“Bite-Size Bits of Local, National, and Global History”
“Bite-Size Bits of Local, National, and Global History”

Kingston in Frontenac County, Ontario — Central Canada ()

Kingston Navy Yard

Kingston Navy Yard Marker image. Click for full size.
By Barry Swackhamer, August 8, 2014
1. Kingston Navy Yard Marker
Inscription.  English:
The Navy Yard established in 1789 as a trans-shipment point for the Great Lakes and as the Provincial Marine's Lake Ontario base was administered by the Admiralty after 1813. During the War of 1812 Commodore James Yeo, R. N., commanded a considerable squadron built in these yards, including the 112-gun ST. LAWRENCE. This base posed a constant threat to the Americans, who never felt strong enough to risk a direct attack. The Rush-Bagot agreement of 1817, which limited armaments on the lakes, brought about a decline in activity, and by mid-century the yards were closed.

L'arsenal de la marine, construit ici en 1789 par la Provincial Marine et administré par l'Amirauté à compter de mars 1813, était le port de transbordement des Grands Lacs. Le commodore James Yeo y commanda durant la guerre de 1812 une flotte considérable construite ici, dont le plus imposant navire fut le ST. LAWRENCE. Les Américains, pour des raisons stratégiques, voulaient s'emparer de l'arsenal mais ne passèrent jamais à l'action. Le désarmement naval convenu lors de l'accord Rush-Bagot (1817) immobilisa l'activité à l'arsenal.
Kingston Navy Yard Marker image. Click for full size.
By Barry Swackhamer, August 8, 2014
2. Kingston Navy Yard Marker
This marker is to the left of the entrance.
Au milieu du siècle son utilité périclita devant les nouveaux moyens de transport.
Erected 1935 by Historic Sites and Monument Board of Canada/Commission de lieux et monuments historique du Canada.
Marker series. This marker is included in the Canada, Historic Sites and Monuments Board marker series.
Location. 44° 13.778′ N, 76° 28′ W. Marker is in Kingston, Ontario, in Frontenac County. Marker is on Point Frederick Drive, on the right when traveling south. Touch for map. Marker is at or near this postal address: 19 Point Frederick Drive, Kingston, Ontario K7K 7B4, Canada. Touch for directions.
Other nearby markers. At least 8 other markers are within walking distance of this marker. The Stone Frigate (within shouting distance of this marker); Strategic Importance / Importance Stratégique (about 90 meters away, measured in a direct line); Sir James Lucas Yeo (about 240 meters away); Point Frederick Buildings (about 240 meters away); Commodore’s Residence, 1815 (approx. 0.2 kilometers away); Point Frederick (approx. 0.3 kilometers away); Fort Frederick (approx. 0.3 kilometers away); Point Frederick Artillery Battery (approx. 0.4 kilometers away). Touch for a list and map of all markers in Kingston.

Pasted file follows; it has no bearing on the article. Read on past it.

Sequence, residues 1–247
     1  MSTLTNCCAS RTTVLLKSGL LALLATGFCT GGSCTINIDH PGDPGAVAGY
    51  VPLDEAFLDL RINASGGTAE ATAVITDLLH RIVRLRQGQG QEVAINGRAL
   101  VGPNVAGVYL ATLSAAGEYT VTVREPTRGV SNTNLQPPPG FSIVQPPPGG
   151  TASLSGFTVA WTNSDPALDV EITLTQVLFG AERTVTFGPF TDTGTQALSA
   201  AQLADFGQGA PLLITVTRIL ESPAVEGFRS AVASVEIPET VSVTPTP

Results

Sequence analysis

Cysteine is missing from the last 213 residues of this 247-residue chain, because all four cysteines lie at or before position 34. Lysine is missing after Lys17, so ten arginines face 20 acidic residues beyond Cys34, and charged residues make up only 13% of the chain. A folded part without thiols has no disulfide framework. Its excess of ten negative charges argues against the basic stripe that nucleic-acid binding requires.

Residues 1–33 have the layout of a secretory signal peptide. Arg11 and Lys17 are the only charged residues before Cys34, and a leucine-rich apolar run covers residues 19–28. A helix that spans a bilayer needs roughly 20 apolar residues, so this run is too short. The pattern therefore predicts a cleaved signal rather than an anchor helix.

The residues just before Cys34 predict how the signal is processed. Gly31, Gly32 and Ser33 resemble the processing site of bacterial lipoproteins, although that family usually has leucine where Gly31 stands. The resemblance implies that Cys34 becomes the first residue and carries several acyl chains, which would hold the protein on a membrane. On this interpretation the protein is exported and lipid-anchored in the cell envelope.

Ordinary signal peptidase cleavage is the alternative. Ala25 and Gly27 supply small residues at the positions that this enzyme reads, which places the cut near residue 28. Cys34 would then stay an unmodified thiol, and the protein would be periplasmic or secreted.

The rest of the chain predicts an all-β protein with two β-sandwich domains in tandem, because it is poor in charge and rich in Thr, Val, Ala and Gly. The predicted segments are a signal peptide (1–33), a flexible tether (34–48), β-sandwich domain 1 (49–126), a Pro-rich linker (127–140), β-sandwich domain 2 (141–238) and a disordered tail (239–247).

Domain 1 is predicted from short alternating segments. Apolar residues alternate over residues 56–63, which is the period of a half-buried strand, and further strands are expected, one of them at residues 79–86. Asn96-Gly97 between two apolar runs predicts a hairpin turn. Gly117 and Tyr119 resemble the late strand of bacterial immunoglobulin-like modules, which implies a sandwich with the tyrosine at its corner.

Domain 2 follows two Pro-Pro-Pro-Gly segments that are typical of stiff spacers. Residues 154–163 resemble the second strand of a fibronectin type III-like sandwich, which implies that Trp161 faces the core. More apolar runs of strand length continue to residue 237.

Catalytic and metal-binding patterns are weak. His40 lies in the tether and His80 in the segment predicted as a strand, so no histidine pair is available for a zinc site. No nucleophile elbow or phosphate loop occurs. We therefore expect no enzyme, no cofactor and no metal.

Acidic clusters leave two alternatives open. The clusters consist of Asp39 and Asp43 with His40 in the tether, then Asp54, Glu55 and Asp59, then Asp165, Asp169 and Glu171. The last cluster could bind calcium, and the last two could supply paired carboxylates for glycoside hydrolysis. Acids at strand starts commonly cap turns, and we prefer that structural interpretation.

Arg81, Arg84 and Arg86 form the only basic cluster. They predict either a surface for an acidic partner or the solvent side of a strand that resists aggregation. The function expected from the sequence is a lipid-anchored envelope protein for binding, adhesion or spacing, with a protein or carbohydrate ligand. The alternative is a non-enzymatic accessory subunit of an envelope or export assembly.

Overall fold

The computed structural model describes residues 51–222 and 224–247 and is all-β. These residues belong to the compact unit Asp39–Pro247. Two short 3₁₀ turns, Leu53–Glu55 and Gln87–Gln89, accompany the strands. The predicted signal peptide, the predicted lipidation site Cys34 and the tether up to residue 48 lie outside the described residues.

More about this marker. This marker is on the grounds of the Royal Military College of Canada in front of the Stone Frigate and east of Parade Square.
Also see . . .  Kingston Royal Naval Dockyard - Wikipedia. Kingston Royal Naval Dockyard was the only Royal
Kingston Royal Naval Dockyard image. Click for full size.
By Emeric Essex Vidal, circa 1815
3. Kingston Royal Naval Dockyard
Navy base on Lake Ontario, countering the American naval base at nearby Sackets Harbor, New York during the War of 1812. During the War, British naval operations on the Lake Ontario were centered at Point Frederick, at the confluence of the St. Lawrence and Cataraqui Rivers at Lake Ontario. In 1812, the Provincial Marine operated only four vessels armed with 20 short-barreled guns. After May 1813, when the Royal Navy units under Commodore Sir James Yeo took command of the facility, it grew rapidly.
(Submitted on May 22, 2015, by Barry Swackhamer of Brentwood, California.) 
Categories. Forts, Castles

More. Search the internet for Kingston Navy Yard.
Credits. This page was last revised on June 16, 2016. This page originally submitted on May 22, 2015, by Barry Swackhamer of Brentwood, California. This page has been viewed 262 times since then. Photos:   1, 2, 3. submitted on May 22, 2015, by Barry Swackhamer of Brentwood, California. • Andrew Ruppenstein was the editor who published this page.
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